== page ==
1. Make the tortilla dough by combining the masa harina and water in a medium bowl. Mix with your hands and form it into a large ball. If it is crumbly, add a little more water. If it is sticking to your hands, add a little more masa harina. Let it sit for 30 minutes.
  2. Meanwhile, place a heavy pan (preferably cast iron) on the stove and heat to medium-high. Season your chicken breast with salt, pepper, and cumin. Once your pan is hot, add a bit of oil to the pan (olive oil works great) and add your chicken breasts. Let them sear for one minute, then turn them over, turn the heat down to low/simmer, and cover the pan. Set a timer for ten minutes and leave the chicken alone – don’t open the lid!
  3. While your chicken is cooking, preheat your oven’s broiler on its highest setting. Place your poblano chiles on a baking sheet and place on the highest rack in your oven. Check on your poblanos every minute or so, turning occasionally so the peppers become charred and roasted on all sides. You want the skin to blister but not to burn and turn black. Once they have finished (about ten minutes or so), remove from the oven and turn your oven down to 200 degrees. Place the peppers in a bowl and tent them with tin foil. About this time your kitchen timer for your chicken will go off. Turn the burner off and re-set your timer for another ten minutes. Once this second timer goes off, your chicken is done and ready to be shredded. Remove it to a cutting board and shred with two forks.
  4. Now, remove the tin foil from your poblanos and bring them over to your sink. With the cold water running (just a mild stream), peel off the broiled outer skin. It should rub off easily as it has been steaming under the foil. The cold water will also help it peel off. Once you have the skin off, pull the stem out, open up your pepper, and rinse all of the seeds out. Once both peppers are skinless and seedless, move them over to your cutting board and chop them up. Place in a oven-safe bowl with the shredded chicken.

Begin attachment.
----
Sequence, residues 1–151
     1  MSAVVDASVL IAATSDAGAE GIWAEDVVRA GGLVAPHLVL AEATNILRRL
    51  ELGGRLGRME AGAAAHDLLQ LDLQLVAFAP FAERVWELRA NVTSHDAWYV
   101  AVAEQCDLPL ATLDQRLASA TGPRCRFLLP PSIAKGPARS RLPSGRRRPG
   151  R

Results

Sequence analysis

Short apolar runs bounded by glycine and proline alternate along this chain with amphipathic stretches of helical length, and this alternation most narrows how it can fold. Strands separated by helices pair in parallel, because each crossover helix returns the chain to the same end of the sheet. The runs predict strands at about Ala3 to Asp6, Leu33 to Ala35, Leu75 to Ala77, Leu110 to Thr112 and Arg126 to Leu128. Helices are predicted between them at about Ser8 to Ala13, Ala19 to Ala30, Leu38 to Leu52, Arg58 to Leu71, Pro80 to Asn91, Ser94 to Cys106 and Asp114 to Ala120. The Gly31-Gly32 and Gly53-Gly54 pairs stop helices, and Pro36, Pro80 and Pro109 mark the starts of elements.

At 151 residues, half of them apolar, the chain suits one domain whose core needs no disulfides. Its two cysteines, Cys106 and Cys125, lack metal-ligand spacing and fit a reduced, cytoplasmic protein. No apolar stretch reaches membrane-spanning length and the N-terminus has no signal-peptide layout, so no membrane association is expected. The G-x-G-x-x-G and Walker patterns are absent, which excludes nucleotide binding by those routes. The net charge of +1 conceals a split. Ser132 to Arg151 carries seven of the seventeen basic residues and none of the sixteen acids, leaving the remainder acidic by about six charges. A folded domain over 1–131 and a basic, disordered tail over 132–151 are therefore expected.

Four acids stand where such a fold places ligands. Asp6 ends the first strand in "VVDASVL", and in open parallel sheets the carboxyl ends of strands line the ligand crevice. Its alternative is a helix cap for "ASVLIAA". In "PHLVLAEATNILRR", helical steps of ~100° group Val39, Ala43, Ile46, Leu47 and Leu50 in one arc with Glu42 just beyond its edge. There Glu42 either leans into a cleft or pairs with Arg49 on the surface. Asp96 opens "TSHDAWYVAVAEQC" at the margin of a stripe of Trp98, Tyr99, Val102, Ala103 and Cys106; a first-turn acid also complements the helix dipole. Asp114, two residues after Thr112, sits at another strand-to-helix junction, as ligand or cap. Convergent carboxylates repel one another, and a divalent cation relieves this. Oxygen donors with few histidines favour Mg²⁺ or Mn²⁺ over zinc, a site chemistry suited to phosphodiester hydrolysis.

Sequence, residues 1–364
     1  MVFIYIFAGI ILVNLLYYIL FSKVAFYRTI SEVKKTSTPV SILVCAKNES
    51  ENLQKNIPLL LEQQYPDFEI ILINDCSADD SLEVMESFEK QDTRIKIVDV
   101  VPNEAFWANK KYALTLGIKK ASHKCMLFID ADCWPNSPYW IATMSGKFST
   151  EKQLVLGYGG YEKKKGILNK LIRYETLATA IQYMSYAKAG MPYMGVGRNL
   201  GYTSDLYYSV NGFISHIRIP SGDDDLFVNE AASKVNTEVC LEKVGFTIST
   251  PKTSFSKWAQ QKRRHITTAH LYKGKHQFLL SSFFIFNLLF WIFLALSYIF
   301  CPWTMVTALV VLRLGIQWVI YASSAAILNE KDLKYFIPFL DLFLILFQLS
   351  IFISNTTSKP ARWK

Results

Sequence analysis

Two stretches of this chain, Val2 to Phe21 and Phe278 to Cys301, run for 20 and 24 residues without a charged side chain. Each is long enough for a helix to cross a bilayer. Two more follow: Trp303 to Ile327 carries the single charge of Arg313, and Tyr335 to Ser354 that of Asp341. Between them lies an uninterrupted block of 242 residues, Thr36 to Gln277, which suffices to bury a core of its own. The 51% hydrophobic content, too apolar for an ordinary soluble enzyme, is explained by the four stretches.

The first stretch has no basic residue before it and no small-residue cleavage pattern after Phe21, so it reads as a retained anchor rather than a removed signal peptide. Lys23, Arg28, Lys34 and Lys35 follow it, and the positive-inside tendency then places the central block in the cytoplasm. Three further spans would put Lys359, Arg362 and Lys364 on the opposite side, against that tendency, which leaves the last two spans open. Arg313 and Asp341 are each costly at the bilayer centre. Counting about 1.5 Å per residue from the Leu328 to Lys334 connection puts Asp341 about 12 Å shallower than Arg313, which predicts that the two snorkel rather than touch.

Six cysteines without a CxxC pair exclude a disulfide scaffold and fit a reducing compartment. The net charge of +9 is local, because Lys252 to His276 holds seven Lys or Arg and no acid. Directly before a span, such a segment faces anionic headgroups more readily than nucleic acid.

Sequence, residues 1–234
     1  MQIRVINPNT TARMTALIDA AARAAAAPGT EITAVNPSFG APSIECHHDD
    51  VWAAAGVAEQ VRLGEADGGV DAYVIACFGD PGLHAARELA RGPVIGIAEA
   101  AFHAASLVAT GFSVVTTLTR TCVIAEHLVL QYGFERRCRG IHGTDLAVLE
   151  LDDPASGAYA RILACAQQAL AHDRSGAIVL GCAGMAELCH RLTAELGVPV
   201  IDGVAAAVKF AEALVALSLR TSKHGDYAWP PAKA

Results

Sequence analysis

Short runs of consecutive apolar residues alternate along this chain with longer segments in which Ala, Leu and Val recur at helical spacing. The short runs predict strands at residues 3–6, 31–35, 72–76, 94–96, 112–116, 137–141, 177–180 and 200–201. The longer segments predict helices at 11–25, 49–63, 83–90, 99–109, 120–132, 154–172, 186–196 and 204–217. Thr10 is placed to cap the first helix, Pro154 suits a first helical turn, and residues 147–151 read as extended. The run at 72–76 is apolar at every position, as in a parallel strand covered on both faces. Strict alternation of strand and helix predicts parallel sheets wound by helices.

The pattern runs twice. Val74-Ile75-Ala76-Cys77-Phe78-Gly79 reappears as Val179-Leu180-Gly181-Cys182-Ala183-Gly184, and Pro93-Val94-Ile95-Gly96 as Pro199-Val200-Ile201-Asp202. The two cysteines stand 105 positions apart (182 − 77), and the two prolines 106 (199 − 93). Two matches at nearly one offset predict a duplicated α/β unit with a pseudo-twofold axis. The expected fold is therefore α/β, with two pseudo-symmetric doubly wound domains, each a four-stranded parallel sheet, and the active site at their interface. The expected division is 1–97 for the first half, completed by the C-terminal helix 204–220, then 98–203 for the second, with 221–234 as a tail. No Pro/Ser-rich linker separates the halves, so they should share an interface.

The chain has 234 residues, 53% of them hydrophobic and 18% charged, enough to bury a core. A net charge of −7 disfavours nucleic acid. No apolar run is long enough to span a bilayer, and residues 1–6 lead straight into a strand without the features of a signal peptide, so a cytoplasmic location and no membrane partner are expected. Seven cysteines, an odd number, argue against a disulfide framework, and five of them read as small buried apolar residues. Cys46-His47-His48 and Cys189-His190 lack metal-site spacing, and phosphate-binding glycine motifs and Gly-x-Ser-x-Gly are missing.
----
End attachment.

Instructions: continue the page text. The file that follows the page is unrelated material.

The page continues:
5. Turn your pan back onto medium-high heat and add your chopped pipicha. Stir it around with a wooden spoon to get it mixed in with all the yummy leftover chicken goodness. Keep it moving so it does not burn. Once the pan is nice and hot, pour in some tequila and let it bubble in the pan. Keep working the bottom of the pan with your wooden spoon until the liquid is reduced. If you don’t have any tequila, you could just use a little chicken broth or water. Empty the pan’s contents into the bowl with the chicken and poblanos. Place the bowl in your oven to keep it warm.
  6. Divide your tortilla dough into 12 equally-sized balls, rolling with your hands to ensure the dough doesn’t have cracks. Get that dirty pan back on your stove and put the heat back on medium-high. One by one, place a ball into your tortilla press (or under a pie plate) between two pieces of parchment paper. Press into tortillas. As each tortilla is pressed, drop it directly into your hot pan and cook for 30 seconds per side, or until golden brown with spots. Place cooked tortillas on a plate in the oven to keep warm.
  7. Once all of your tortillas are cooked, pull all of your goodies out of the oven and assemble into tacos. Start with the tortilla on the bottom, top with some of the chicken-poblano mixture, and garnish with cilantro, pipicha, and cotija cheese.

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Nutrition (per 3-taco serving):

411 calories, 9 g. fat, 42 g. protein, 38 g. carbs, 3 g. fiber. WW PointsPlus: 10

What are you looking forward to picking up at the Farmer’s Markets this summer?